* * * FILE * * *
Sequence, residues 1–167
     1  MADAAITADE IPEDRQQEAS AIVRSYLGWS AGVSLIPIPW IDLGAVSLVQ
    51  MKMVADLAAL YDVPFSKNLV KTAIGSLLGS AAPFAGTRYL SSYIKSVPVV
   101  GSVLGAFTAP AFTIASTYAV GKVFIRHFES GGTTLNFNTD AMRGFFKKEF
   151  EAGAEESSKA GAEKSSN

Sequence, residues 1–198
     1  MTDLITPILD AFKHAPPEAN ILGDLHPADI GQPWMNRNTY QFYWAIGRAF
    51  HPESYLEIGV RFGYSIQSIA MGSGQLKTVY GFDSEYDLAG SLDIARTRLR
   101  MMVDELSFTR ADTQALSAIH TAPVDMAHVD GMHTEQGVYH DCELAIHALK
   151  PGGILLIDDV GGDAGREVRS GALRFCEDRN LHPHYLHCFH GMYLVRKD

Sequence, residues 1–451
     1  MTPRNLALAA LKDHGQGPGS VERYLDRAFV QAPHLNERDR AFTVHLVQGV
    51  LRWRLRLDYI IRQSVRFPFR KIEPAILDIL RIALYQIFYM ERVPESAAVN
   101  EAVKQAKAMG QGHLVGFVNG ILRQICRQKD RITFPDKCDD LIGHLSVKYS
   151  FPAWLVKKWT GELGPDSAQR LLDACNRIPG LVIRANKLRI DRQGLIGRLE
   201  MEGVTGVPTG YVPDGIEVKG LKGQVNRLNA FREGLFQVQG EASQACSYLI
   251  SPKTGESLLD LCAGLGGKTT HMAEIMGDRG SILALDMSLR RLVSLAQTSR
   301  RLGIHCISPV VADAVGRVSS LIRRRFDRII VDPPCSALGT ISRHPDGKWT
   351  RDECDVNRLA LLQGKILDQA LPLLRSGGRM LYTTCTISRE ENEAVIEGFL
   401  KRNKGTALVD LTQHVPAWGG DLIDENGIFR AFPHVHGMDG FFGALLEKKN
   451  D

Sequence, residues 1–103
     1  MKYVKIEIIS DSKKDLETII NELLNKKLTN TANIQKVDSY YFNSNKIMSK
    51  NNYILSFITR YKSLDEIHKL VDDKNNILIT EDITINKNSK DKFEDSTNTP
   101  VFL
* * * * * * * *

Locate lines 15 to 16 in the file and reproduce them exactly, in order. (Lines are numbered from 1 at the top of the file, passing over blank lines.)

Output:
   151  FPAWLVKKWT GELGPDSAQR LLDACNRIPG LVIRANKLRI DRQGLIGRLE
   201  MEGVTGVPTG YVPDGIEVKG LKGQVNRLNA FREGLFQVQG EASQACSYLI